Meg Grigal: Yeah, they hear that all the time.
Tim Villegas: Mm-hmm mm-hmm so you're, you're telling them to not be not be discouraged.
Meg Grigal: Yeah, I would agree. I think hope , and vision it sounds really soft and squishy, but parent expectations are with a, like granite when it comes to predicting students outcomes. So if a parent believes a student is gonna get a job or go to college or live independently, or have, you know, not live in poverty, those students are sometimes, , 20, 30, 40 times more likely to achieve those outcomes depending on the study and the data set, but parent expectations are bedrock. They will determine students outcomes far more than what an IEP says or what a student's testing or assessment says.
Tim Villegas: So why don't we define, like, what are these programs exactly, because I think there's a misunderstanding when we talk about college. That it's exactly the same path as a typical student. And let's say, you know, if the student doesn't have the grades, or doesn't have the, whatever it is, the thing that they need to get to go on that typical path to college, these inclusive post-secondary education programs, it's not a typical path. So help our audience understand what it is. And also for the parents who are.
Cate Weir: Well, I, I think it's important to know that for example, you don't have to have a regular high school diploma to apply to these programs. , if your district or your state is one that gives IEP diplomas or non-standard diplomas of some sort that does not put you those students out of reach of college.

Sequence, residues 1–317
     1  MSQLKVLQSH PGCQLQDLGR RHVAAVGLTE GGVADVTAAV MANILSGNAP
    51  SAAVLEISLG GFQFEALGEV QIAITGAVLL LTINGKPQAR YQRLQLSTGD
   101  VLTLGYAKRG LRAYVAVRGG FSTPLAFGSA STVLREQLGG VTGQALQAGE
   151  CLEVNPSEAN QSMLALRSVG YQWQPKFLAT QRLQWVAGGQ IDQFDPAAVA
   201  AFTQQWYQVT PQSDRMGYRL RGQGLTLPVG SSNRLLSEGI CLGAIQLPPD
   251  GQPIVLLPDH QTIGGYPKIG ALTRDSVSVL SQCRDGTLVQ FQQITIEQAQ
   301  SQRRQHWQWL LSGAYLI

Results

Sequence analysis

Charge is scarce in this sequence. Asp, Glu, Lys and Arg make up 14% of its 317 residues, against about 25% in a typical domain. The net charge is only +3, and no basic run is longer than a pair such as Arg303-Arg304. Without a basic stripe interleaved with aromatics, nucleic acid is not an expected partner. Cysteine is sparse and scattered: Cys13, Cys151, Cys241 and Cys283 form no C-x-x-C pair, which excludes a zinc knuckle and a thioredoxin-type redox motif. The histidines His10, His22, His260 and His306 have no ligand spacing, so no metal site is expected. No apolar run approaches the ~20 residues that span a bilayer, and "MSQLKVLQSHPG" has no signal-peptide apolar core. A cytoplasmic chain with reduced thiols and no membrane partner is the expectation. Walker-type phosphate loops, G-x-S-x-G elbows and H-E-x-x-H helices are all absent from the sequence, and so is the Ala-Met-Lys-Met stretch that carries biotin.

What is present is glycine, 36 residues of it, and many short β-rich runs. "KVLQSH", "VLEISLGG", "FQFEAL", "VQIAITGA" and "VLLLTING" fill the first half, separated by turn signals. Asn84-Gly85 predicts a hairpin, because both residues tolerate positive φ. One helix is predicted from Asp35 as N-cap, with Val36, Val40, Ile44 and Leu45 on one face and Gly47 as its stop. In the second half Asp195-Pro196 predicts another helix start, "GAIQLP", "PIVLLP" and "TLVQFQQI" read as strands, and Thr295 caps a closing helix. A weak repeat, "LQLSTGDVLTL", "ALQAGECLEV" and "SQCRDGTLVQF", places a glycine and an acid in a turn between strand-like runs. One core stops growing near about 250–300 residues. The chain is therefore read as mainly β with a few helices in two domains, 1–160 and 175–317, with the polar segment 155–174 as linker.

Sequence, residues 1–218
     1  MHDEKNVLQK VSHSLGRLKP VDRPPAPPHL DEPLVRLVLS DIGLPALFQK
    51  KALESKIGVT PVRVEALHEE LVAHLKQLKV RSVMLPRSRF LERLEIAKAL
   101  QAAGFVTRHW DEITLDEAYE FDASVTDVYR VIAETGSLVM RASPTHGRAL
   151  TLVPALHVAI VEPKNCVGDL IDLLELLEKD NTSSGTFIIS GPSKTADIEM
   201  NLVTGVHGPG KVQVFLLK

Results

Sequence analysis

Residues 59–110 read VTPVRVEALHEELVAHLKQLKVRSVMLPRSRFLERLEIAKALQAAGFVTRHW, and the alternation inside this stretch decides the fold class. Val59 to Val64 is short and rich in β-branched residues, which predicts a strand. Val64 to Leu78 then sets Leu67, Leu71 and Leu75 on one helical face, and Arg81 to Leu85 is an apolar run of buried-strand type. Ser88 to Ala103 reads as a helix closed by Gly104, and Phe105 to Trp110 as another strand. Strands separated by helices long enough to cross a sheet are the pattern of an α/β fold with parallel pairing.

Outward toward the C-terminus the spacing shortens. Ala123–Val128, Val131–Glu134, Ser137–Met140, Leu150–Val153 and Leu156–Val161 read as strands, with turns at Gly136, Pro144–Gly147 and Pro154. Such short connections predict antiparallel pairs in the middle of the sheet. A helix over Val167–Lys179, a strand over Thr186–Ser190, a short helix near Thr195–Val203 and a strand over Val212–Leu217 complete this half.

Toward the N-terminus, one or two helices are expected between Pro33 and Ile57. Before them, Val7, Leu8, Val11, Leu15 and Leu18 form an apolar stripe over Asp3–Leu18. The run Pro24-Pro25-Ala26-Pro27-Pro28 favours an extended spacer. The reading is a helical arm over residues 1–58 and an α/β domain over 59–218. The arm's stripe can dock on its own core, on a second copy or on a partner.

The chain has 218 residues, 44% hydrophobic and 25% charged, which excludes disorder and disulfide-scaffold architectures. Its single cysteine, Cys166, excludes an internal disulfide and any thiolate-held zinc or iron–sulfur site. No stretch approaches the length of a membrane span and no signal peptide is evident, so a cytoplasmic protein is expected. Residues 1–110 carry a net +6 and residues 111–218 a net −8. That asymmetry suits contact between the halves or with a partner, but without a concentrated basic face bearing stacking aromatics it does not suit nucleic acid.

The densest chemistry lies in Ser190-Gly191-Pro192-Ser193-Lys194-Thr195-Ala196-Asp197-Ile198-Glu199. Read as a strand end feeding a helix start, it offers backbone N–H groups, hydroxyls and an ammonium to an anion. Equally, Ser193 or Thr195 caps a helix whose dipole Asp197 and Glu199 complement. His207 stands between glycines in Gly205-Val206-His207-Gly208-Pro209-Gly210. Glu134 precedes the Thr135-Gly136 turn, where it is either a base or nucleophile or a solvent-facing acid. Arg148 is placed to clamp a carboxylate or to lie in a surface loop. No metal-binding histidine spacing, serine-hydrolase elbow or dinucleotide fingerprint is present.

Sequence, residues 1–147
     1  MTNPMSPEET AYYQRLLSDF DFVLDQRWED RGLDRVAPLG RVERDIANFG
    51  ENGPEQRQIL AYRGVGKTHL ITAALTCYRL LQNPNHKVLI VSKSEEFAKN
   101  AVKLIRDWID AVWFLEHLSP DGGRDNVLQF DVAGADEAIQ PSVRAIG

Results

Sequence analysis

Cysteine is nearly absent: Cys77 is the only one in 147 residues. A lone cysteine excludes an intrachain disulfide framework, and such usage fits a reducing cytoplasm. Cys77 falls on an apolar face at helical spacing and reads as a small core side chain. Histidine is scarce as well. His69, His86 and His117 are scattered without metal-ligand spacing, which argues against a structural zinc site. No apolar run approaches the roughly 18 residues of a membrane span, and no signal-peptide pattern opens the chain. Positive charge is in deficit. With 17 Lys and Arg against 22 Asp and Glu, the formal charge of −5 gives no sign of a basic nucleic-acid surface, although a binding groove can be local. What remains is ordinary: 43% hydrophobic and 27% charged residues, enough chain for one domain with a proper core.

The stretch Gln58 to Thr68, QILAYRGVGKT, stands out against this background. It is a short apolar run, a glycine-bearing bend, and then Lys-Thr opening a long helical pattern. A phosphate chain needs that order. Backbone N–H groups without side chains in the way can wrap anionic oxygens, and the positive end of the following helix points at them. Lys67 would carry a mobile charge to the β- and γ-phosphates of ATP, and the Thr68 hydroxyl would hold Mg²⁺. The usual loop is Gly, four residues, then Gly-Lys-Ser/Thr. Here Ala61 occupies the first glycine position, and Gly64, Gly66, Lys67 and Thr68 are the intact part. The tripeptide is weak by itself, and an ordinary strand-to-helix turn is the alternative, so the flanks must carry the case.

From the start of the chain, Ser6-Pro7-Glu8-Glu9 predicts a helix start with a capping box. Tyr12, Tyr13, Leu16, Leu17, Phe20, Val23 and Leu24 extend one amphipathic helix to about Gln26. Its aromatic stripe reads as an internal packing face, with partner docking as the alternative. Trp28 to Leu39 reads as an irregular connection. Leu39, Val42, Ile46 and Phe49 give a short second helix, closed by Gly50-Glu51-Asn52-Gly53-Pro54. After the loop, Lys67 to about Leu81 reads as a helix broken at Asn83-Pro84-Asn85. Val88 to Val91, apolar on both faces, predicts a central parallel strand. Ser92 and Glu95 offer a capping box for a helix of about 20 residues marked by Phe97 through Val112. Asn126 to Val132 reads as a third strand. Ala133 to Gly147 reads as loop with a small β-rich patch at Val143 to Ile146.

Cate Weir: There is an alternative pathway into these programs. We hope that once you get in them, that you're having a very, very typical and authentic college experience taking courses and doing internships and going to social events and living on campus. But the pathway in is different. And I think this is where people you want people to understand that.
Cate Weir: SAT scores are not required. ACT typical grades or certain classes on your high school transcript, those typical things are not part of the application process for students going and applying to these programs. , but it is more kind of like, do you have a desire to go to college?
Cate Weir: Do you wanna get a job after college? Do you wanna work in a real, real work for real pay? Do you wanna live more independent as independently as you possibly can do your, do your parents want you to get a paid job and live as independently as you possibly can? So there's a different set of admission requirements and there's in a different admissions process. And then the program almost exclusively offer a non-degree pathway. So you're not earning in a bachelor's degree or an associate degree. But you are earning hopefully a meaningful credential and perhaps a credential that focuses on a particular career goal of yours that may focus in areas of early childhood or Or forestry or, you know, whatever your areas of interest might be as a student. But they are so typically non-degree programs with an alternative admissions process.